Eating and weight disorders are serious but treatable conditions that can affect anyone at any age and in any segment of the population.
Mount Sinai psychologists offer treatment for the following eating disorders:
- Anorexia nervosa
- Binge eating disorder
- Bulimia nervosa
- Avoidant/restrictive food intake disorder
- Other specified feeding or eating disorder
- Rumination disorder
Anorexia nervosa is characterized by body weight that is low for the patient’s age and gender due to severe restriction of food intake associated with an intense fear of gaining weight or becoming fat. The American Psychiatric Association’s Diagnostic and Statistical Manual of Mental Disorders (DSM-5) recognizes two types of anorexia nervosa: restrictive anorexia nervosa and binge-purge anorexia nervosa.
Typically, anorexia nervosa begins in adolescence or earlier when the bodies of young people are changing, making them especially vulnerable to a distorted body image and self-esteem. Girls are nine to ten times more likely than boys are to receive a diagnosis of anorexia, though that discrepancy may be related to challenges in identifying eating disorders in males.
Anorexia patients often report experiencing associated psychological problems like depression and anxiety. They tend to withdraw from social situations and show signs of irritability, and they may experience insomnia.
In instances of anorexia nervosa, the behaviors or observable symptoms of the condition that result in maintaining a low body weight may be some or all of the following:
- Restricting food intake
- Engaging in excessive exercise
- Self-inducing vomiting
- Taking a laxative, diuretic, or diet pills
Extreme weight loss in people with anorexia nervosa can lead to dangerous health problems, including:
- Growth retardation in children
- Heart and kidney dysfunction
Anorexia nervosa is a serious psychiatric condition and, like other eating disorders, has a high mortality rate.
Effective interventions for anorexia nervosa include cognitive behavioral therapy and family-based treatment. The outcome of treatment for anorexia nervosa varies considerably. For some, a single course of treatment is effective, while other recovery paths may take longer, involving shifts from weight gain and recovery to weight loss and relapse.
Bulimia nervosa are marked by alternating cycles of food restriction and episodes of overeating or binge eating that is characterized by feeling out of control along with taking extreme measures to prevent weight gain.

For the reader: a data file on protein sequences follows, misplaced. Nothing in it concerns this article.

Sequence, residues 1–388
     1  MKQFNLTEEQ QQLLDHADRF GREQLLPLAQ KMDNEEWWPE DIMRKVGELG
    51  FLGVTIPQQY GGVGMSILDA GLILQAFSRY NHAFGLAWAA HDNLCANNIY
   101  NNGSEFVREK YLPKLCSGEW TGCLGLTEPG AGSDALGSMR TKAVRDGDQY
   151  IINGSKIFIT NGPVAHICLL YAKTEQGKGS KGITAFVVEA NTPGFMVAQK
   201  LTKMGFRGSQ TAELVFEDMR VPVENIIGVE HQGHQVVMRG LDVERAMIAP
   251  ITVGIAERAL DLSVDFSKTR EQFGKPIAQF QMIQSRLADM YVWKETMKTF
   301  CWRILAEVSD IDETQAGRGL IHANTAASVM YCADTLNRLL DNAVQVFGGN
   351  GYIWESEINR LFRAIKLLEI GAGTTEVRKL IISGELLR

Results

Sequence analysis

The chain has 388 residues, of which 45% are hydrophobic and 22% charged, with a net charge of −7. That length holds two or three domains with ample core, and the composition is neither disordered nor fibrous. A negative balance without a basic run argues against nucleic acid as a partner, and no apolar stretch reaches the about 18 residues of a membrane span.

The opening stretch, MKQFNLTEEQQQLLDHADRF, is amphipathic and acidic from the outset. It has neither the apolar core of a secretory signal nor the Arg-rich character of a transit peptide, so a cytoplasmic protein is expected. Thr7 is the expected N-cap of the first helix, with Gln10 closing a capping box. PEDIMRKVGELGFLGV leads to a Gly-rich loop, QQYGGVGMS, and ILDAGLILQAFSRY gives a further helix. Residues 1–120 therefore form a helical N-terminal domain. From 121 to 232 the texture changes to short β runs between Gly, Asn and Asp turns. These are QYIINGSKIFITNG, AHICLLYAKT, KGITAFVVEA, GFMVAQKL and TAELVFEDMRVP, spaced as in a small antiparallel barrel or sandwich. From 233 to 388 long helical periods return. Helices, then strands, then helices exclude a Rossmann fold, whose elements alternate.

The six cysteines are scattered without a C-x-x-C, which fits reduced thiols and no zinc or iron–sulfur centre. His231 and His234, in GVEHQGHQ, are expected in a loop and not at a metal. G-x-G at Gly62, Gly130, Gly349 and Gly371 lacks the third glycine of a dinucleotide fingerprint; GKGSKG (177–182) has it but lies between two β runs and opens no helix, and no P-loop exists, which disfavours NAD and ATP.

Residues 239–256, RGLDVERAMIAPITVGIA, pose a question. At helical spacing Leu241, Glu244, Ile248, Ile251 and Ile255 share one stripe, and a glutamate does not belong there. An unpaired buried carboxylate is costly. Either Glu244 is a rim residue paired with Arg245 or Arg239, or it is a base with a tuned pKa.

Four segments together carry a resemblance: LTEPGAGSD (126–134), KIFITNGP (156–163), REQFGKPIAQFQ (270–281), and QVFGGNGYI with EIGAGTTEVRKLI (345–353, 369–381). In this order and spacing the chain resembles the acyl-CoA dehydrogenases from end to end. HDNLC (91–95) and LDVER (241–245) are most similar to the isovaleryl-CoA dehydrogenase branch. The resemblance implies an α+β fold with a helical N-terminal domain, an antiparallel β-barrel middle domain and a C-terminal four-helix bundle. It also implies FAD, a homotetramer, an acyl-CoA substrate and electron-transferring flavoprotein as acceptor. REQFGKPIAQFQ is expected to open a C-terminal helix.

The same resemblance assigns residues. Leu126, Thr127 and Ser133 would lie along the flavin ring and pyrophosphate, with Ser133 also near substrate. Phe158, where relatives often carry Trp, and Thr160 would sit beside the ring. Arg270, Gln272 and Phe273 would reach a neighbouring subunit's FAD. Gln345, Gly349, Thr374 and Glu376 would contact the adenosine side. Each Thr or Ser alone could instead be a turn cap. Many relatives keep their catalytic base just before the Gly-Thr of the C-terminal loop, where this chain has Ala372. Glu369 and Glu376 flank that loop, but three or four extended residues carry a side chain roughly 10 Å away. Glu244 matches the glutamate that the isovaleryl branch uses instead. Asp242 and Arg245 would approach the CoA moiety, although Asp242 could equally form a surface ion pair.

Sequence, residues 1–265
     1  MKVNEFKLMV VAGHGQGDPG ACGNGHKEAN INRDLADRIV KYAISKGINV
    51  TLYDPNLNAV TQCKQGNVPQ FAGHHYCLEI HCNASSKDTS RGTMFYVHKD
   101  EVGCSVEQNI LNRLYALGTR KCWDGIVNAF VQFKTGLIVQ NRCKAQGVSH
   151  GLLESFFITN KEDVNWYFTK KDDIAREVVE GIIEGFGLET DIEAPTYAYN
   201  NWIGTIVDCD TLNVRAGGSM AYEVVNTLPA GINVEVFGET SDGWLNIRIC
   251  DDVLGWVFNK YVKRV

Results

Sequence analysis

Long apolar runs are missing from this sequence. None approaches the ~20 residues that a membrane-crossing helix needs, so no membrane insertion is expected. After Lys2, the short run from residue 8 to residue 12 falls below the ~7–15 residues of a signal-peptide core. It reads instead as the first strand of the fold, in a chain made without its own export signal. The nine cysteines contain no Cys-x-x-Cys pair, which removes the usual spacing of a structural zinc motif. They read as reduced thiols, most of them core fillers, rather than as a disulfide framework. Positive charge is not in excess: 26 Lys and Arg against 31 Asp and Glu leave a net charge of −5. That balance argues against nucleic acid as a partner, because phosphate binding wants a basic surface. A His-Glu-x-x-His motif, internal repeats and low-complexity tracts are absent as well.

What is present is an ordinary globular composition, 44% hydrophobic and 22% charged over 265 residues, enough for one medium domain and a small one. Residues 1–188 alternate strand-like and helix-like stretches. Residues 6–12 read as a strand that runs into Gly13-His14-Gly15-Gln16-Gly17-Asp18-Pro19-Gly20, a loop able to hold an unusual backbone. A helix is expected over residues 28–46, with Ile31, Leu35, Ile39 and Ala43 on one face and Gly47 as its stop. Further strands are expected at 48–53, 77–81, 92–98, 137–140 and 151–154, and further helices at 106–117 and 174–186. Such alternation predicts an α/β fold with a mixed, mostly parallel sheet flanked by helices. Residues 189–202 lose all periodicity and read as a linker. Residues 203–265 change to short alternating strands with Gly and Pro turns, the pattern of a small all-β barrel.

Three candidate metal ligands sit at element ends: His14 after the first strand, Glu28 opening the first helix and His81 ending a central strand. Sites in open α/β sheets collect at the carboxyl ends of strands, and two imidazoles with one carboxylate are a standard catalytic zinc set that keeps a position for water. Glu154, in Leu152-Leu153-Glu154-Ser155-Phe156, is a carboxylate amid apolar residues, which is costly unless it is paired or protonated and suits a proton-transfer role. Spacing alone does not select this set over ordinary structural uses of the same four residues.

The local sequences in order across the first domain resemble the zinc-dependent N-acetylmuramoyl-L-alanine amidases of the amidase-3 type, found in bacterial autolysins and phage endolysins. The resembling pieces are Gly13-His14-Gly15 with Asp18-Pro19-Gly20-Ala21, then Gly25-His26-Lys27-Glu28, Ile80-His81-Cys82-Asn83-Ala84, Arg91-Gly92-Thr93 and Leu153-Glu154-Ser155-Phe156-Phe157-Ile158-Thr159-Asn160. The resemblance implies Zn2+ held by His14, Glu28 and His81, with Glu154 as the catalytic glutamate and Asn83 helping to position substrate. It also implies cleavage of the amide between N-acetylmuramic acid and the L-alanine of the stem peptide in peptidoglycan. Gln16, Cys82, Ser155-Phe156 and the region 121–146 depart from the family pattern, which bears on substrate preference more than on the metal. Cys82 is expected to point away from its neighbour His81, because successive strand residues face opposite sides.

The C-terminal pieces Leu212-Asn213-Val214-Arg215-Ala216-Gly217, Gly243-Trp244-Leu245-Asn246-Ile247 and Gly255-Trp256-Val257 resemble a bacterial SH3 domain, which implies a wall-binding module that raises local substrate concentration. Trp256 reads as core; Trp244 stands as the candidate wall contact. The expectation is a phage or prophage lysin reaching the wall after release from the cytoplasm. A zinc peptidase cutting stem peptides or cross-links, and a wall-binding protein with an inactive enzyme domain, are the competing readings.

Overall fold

Bulimia usually begins in late adolescence or early adulthood. Approximately one to three percent of adolescents and young adults develop bulimia nervosa, of whom 90 percent are female. Similar to patients with anorexia nervosa, individuals with bulimia nervosa suffer from concerns with body image; however, they are typically at a normal weight. Typically, binge eating and purging must be present at least once a week for three months to receive a full diagnosis.
Symptoms or behaviors associated with bulimia nervosa may include some or all of the following:
- Consuming large amounts of food while experiencing a sense of loss of control over eating
- Excessive exercise
- Intermittent fasting
- Laxative and diuretic misuse
- Self-induced vomiting
Bulimia nervosa includes a variety of medical complications that, although severe, are reversible with appropriate treatment, and may include:
- Cardiac abnormalities
- Dehydration and electrolyte imbalances
- Dental erosion and deterioration
- Gastrointestinal disturbances such as disorders of the esophagus like reflux
- Menstrual irregularities
- Swollen salivary glands
Many bulimia nervosa patients also suffer from a variety of psychological problems including anxiety and depression.
Effective interventions for bulimia nervosa include cognitive behavioral therapy and medication. The outcomes of treatment for bulimia nervosa vary; some individuals have the illness for a long time, while others alternate between recovery and intermittent binge eating and purging. Research, however, does show that over time symptoms appear to diminish.
Binge Eating Disorder
Binge eating disorder is marked by recurrent episodes of loss of control—or binge—eating. In contrast to bulimia nervosa, individuals with binge eating disorder do not use regular compensatory behaviors (such as self-induced vomiting). Binge eating disorder affects approximately one to four percent of the population, is as common in males and females and across the age-spectrum, and is frequently associated with obesity.
Binge-eating is associated with an array of behaviors and symptoms related to eating, such as:
- Eating alone due to shame and embarrassment
- Eating beyond the point of comfort
- Eating large amounts of food when not hungry
- Eating very rapidly
- Feeling a loss of control while eating
To receive a diagnosis, binge-eating must occur at least once a week for three months along with at least three of the above symptoms.
Binge-eating disorder can also be associated with psychological problems such as depression.
There are a variety of effective treatments for binge eating disorder, including cognitive-behavioral therapy and pharmacological treatment. These interventions help reduce or eliminate binge eating, but often, additional techniques, such as those used in diabetes prevention programs, are necessary to produce desired weight loss.